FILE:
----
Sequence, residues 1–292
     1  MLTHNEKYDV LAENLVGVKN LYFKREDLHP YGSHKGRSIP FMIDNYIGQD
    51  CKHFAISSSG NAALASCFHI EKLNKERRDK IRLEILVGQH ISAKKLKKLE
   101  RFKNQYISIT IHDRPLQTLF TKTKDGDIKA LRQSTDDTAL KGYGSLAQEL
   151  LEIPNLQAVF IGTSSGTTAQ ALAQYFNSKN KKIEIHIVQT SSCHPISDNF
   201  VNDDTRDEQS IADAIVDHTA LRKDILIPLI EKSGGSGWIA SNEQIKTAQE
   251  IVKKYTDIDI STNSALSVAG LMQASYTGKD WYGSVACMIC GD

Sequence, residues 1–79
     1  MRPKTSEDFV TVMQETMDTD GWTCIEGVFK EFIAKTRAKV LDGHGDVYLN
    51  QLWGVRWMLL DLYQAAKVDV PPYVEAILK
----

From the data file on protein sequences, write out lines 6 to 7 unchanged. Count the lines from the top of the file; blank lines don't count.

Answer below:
   201  VNDDTRDEQS IADAIVDHTA LRKDILIPLI EKSGGSGWIA SNEQIKTAQE
   251  IVKKYTDIDI STNSALSVAG LMQASYTGKD WYGSVACMIC GD